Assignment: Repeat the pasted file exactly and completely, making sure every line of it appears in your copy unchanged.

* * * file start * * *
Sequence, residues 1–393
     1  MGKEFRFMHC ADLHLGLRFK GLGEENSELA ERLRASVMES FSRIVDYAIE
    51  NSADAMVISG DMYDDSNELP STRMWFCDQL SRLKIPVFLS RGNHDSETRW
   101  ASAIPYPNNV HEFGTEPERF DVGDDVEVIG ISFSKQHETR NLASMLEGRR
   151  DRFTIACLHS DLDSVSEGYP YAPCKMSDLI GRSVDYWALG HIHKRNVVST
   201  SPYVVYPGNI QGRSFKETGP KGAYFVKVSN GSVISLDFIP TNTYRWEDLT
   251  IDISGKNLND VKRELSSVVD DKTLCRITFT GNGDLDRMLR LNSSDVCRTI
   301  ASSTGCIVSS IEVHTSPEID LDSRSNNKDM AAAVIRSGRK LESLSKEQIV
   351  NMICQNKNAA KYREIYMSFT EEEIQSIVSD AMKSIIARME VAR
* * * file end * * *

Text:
Sequence, residues 1–393
     1  MGKEFRFMHC ADLHLGLRFK GLGEENSELA ERLRASVMES FSRIVDYAIE
    51  NSADAMVISG DMYDDSNELP STRMWFCDQL SRLKIPVFLS RGNHDSETRW
   101  ASAIPYPNNV HEFGTEPERF DVGDDVEVIG ISFSKQHETR NLASMLEGRR
   151  DRFTIACLHS DLDSVSEGYP YAPCKMSDLI GRSVDYWALG HIHKRNVVST
   201  SPYVVYPGNI QGRSFKETGP KGAYFVKVSN GSVISLDFIP TNTYRWEDLT
   251  IDISGKNLND VKRELSSVVD DKTLCRITFT GNGDLDRMLR LNSSDVCRTI
   301  ASSTGCIVSS IEVHTSPEID LDSRSNNKDM AAAVIRSGRK LESLSKEQIV
   351  NMICQNKNAA KYREIYMSFT EEEIQSIVSD AMKSIIARME VAR